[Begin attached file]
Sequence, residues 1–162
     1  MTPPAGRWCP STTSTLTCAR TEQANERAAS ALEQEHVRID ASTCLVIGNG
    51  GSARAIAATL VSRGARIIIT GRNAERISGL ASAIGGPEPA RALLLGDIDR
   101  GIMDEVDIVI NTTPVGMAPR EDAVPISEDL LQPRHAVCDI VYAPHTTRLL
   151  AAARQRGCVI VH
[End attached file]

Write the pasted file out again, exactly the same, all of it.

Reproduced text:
Sequence, residues 1–162
     1  MTPPAGRWCP STTSTLTCAR TEQANERAAS ALEQEHVRID ASTCLVIGNG
    51  GSARAIAATL VSRGARIIIT GRNAERISGL ASAIGGPEPA RALLLGDIDR
   101  GIMDEVDIVI NTTPVGMAPR EDAVPISEDL LQPRHAVCDI VYAPHTTRLL
   151  AAARQRGCVI VH